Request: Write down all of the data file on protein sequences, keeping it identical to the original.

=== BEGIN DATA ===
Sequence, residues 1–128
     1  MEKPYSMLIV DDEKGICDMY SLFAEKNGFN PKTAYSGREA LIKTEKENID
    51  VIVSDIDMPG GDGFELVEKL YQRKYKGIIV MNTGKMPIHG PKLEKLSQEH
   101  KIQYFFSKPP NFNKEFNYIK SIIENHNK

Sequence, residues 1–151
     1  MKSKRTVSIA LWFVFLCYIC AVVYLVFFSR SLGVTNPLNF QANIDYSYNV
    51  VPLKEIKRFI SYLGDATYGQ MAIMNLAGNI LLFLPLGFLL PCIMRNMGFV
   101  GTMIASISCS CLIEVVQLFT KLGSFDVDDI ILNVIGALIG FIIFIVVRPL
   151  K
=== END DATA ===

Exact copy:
Sequence, residues 1–128
     1  MEKPYSMLIV DDEKGICDMY SLFAEKNGFN PKTAYSGREA LIKTEKENID
    51  VIVSDIDMPG GDGFELVEKL YQRKYKGIIV MNTGKMPIHG PKLEKLSQEH
   101  KIQYFFSKPP NFNKEFNYIK SIIENHNK

Sequence, residues 1–151
     1  MKSKRTVSIA LWFVFLCYIC AVVYLVFFSR SLGVTNPLNF QANIDYSYNV
    51  VPLKEIKRFI SYLGDATYGQ MAIMNLAGNI LLFLPLGFLL PCIMRNMGFV
   101  GTMIASISCS CLIEVVQLFT KLGSFDVDDI ILNVIGALIG FIIFIVVRPL
   151  K